Figure 890: Alan Moore scooping up his children, Leah and Amber, in the closing moments of the 1987 "Monsters, Maniacs, and Moore" episode of England Their England

Moore was no less obsessed with the Bomb, of course; Watchmen is proof enough of that. But his relationship with it is fundamentally different. The Bomb was not a childhood monster for Moore; the great existential dread of his youth was the class divide, and it was the grim monocolor of the Boroughs that superheroes provided an alternative to, not the hyper-gothic spectacle of nuclear annihilation. For Moore, the focus on atomic weapons as a major anxiety came in the 80s, and coincided with the birth of his two daughters. The 1987 installment of England Their England focusing on Moore is revealing in this regard - Moore speaks of his desire to write about the dangers of the world specifically in terms of his children, discussing them with a charmingly bored-looking Leah and Amber sitting in his arms and explicitly noting that “I’m a parent myself.” As he puts it, “the world that we’ve been careless enough to leave laying around for our children to inherit is a place which is sometimes hostile,” and that “the only way I can help my children, the only real sort of chance that I can give them of securing their emotional and physical and psychological survival is to actually tell them about the stuff that’s going on in the world,” explicitly citing nuclear pollution as the sort of thing children should be told about. Later, at the documentary’s end, he muses in voiceover on the way in which the looming threat of nuclear annihilation changes society, suggesting that it makes a choice between armageddon and utopia stark and immediate, while the camera shows him walking through a park, joined by Leah and Amber, who he scoops up in his arms as the voiceover offers the documentary’s final words, “if somehow our children ever see the day in which it is announced that we do not have these weapons anymore, that we can no longer destroy ourselves and that we’ve got to come up with something else to do with our time, then they will have the right to throw up their arms and let down the streamers and let forth a resounding cheer.”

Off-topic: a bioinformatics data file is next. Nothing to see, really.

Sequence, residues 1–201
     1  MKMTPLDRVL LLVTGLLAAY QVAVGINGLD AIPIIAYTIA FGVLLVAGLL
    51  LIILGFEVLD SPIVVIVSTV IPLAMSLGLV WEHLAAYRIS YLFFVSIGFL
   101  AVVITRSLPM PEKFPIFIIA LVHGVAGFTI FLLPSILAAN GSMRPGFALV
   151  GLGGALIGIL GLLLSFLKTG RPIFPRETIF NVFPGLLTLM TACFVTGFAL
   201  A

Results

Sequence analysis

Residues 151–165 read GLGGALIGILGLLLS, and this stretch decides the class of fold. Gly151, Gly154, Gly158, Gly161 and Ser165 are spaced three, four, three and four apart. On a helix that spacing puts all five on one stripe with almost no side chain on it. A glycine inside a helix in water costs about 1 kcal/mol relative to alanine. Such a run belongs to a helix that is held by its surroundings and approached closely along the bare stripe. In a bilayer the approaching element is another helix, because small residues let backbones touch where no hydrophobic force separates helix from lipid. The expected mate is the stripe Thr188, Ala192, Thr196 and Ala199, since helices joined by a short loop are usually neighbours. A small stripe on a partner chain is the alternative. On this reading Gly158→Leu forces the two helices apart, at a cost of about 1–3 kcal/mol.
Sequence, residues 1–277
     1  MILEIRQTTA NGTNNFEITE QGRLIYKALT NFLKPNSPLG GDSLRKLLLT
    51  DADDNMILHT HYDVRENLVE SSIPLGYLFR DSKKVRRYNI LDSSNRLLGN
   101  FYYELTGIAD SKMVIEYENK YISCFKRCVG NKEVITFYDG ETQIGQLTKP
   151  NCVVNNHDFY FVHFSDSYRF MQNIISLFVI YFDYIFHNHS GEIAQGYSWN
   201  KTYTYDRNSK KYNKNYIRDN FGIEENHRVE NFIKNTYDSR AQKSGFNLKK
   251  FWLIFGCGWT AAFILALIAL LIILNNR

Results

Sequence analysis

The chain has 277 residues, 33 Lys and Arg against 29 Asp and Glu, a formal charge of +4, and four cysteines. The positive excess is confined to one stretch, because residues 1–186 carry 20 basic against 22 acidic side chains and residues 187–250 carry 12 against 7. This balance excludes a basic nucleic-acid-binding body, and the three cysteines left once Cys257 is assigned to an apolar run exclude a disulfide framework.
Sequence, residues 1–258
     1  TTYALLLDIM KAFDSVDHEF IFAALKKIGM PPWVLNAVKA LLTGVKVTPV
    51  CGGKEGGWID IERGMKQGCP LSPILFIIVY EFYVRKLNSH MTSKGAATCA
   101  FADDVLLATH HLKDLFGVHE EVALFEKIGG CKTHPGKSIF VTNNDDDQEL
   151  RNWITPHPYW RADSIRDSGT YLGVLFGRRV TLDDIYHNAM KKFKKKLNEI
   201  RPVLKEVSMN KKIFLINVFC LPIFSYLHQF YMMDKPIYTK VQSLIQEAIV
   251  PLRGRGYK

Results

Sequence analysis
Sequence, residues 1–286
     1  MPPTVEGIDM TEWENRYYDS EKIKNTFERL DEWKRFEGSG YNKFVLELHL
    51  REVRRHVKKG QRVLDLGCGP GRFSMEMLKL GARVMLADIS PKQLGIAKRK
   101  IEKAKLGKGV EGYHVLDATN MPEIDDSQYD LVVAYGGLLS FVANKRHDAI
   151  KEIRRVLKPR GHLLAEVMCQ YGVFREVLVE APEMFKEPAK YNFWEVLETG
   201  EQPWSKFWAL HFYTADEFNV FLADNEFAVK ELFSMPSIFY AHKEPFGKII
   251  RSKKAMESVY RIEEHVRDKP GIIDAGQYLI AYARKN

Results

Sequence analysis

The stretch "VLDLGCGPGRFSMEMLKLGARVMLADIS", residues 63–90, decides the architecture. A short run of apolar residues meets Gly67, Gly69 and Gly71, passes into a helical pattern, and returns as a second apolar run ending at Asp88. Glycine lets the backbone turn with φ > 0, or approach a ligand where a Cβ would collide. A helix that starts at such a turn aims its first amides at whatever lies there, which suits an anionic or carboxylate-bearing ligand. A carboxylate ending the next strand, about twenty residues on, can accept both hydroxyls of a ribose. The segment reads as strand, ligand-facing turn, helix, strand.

n many ways, this is the heart of the disagreement between Pax Americana and Watchmen. Morrison sees superheroes as creatures of immense possibility whose value is as aspirational figures. For him it is the interminability of superhero narratives that is most interesting - the fact that characters get reinvented over and over again, with new ideas and new takes, and that the stories never have to come to an end. Whereas to Moore, at least in Watchmen, what is interesting are the limitations of superheroes - of what they are incapable of doing and representing. The superheroes of Watchmen are known archetypes that the audience has seen a hundred times before, only taken to logical endpoints. The point isn’t the possibility of the characters, it’s the impotence of them. Put another way, Morrison cares what superheroes let us be, while Moore cares what they let us see.

This division, or at least the underlying division over what the purpose of art is, is one that will persist, in some form or another, throughout the War. But ironically, when it comes to the actual disagreement over the possibility of superheroes as an optimistic genre, it is Morrison’s view that ultimately won the day. Part of Moore’s ultimate revulsion at Watchmen was precisely the way in which, as he put it, it became “a kind of hair shirt that the super-hero had to wear forever after that… they’ve all got to be miserable and doomed. And if they’ve got to be psychopathic as well, then so much the better.” Indeed, Moore was adamant that “imaginative fiction,” and specifically superhero fiction, “is something which is perfectly fine for adults,” a point he attempted to demonstrate in much of his superhero work following his departure from DC.

Arguably, then, this forms one of the few major chinks in Moore’s usually resilient armor of eternity - a point on which Moore can decisively and unambiguously be said to have changed. And yet it is easy to overstate this. Moore’s revulsion towards Watchmen is genuine, and yet it is not really a revulsion at the work itself. Rather, it is a revulsion at the world that Moore used Watchmen to look at - one that he found monstrous and twisted, and wrongly assumed that the rest of the world would see it that way as well. This is not just a matter of the fans who seized onto Rorschach in ways Moore found disturbing, but rather the entire way in which the nightmarish world he constructed, in which superheroes were the embodiment of humanity’s most self-destructive impulses tragically deluding themselves into believing that they were the world’s Watchmen and not its doom, was treated as something desirable.